Renewable Energy Can Play a Tremendous and Driving Role in India’s Growth



RENERGY 2014, the prestigious renewable energy summit , has begun in Chennai, South India. As many as 250 companies, 200 exhibitors, 15,000 business visitors and 75 industry captains, international experts, regulatory bodies from across the globe are expected to participate in the prestigious event. Greenlichen’s Sanjeev spoke to Mr Rajneesh Khattar of UBM India, the Knowledge Partner for RENERGY 2014 about the event and what it looks to achieve.  A GREENLICHEN EXCLUSIVE:

◊        RENERGY 2014 is being held aloft as a comprehensive exhibition and thought-provoking conference on Solar, Wind Energy, Waste to Energy, Biomass and Energy Efficiency covering the broad development and advancements of Renewable Energy sector. What exactly would you list down as the advancements that have happened in this sector, of late?

The renewable energy space, as a consequence of being fairly new, is always on the path of advancement. This last year has seen the introduction of wind scheduling and forecasting regulation, allocation under phase 2 of the Jawaharlal Nehru National Solar Mission, introduction of energy efficiency regulations for all government buildings in Tamil Nadu, an MoU signing between India and Pakistan for a 15 MW biomass and so on.

 ◊        With a large number of stakeholders expected to be part of this year’s edition of the conference, what outcome do you expect in terms of policy making in the renewable energy segment?

Mr. Rajneesh Khattar
Mr. Rajneesh Khattar

With respect to outcomes, it would be very hard to specify anything particular but the presence of decisive organizations such as the Planning Commission, various Energy Development Agencies and many top CEOs would lead one to believe that very actionable takeaways will be gathered and one can hope for the best of these suggestions to see the light of day very soon.

◊        Though the western world has increasingly moved towards renewable energy in their day to day lives, India, in comparison, seems to be a tad hesitant to embrace technologies that would help the renewable energy segment in a big way. What reason would you attribute to this phenomenon?

It is easy to compare India with that of the developed, western countries whose per capita income is anywhere between 10-50 times that of India’s. While significant percentages of their GDP can be pledged to this cause, it must be noted that India has to balance the objectives of growth and clean growth very carefully to ensure that we stay on course to achieve our fiscal as well as environmental objectives. Also, the level of infrastructure, planning and the inherently unique issue of concentrated population could be impeding factors.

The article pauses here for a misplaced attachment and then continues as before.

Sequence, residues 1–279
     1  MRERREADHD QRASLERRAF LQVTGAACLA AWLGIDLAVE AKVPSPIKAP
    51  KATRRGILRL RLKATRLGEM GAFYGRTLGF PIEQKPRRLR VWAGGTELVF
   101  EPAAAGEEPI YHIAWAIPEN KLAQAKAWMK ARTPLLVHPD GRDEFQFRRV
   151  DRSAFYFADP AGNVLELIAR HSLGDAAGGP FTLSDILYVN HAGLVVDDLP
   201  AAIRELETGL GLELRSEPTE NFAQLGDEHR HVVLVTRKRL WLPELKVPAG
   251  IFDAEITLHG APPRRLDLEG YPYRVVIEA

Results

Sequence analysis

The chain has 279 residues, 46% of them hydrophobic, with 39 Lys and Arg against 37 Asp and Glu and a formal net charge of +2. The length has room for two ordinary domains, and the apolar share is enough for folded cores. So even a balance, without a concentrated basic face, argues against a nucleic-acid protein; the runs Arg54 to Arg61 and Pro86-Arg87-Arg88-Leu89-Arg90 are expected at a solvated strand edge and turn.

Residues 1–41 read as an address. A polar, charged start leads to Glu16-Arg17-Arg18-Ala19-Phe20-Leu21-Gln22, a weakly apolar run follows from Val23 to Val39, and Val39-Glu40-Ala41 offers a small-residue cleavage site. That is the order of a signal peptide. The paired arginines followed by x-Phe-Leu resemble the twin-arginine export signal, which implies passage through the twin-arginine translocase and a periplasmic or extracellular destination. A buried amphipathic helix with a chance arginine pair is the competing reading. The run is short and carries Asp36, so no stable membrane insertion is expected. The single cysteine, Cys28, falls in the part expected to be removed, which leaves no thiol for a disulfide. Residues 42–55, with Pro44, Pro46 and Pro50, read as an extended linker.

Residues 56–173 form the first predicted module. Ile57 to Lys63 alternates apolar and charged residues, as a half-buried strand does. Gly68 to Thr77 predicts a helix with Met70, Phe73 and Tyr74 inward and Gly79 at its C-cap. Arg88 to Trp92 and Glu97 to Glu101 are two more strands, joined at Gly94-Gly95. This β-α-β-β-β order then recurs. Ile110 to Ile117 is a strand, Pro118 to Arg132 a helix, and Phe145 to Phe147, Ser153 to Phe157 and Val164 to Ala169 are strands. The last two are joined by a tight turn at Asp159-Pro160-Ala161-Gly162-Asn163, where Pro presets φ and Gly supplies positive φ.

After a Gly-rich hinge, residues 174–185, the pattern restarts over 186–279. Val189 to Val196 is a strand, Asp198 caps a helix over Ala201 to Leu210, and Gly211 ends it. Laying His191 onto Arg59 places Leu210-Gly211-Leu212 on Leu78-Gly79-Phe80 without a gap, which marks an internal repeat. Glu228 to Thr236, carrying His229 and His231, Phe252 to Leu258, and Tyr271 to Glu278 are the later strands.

◊        How according to you can renewable energy play a role in addressing the growing energy needs of India?

Renewable energy can play a tremendous and driving role in India’s growth. Not only does it free up capital that goes towards coal and oil imports but technologies like solar and biomass can be employed on a large scale across the country simultaneously owing to their modular nature and the fact that they do not necessarily need the extension of the electricity grid to backward and rural areas, the development of which rests in the hands of large state utilities who are not always the speediest when it comes to execution. Also, while they are high on initial investment, the problem which is being addressed through capital subsidies, they require very little maintenance and running costs which essentially fixes the price of long-term electricity, an increasingly large contributor to any manufacturing or service industry.

◊        Where do you foresee the renewable energy sector in India five years down the line?

We expect renewable energy (especially wind, solar PV, Thermal) to take off sharply over the next few years factoring the inevitable rise in electricity prices over the next couple of years. Also, once hurdles have overcome with respect to biomass (supply chain), energy efficiency and waste-to-energy (segregation), we expect the rate of adoption to increase tremendously for these technologies as well. Today we are sitting at 31,000 MW of installed capacity (according to the MNRE data). One would not be considered too optimistic if we think we can double this figure in the next 5 years.


◊        What measures would you want the administration to take so that India leads the world in this all important sector?

a)   Slow decision making, follow through on subsidy disbursal, necessary clearance from multiple departments are all administrative impediments to the growth of this sector. All these would have to be addressed to enable faster growth.

b)   Follow through on contract terms and promises has been a problem generally associated with India when it comes to foreign investors. This would also need to be fixed by guaranteeing no change in contract terms once it has been signed.

c)   Spreading awareness through such events, road shows as well as education on the long-term benefits of renewable energy over the short-term advantage of low initial costs when it comes to conventional technology would go a long way in hastening adoption.

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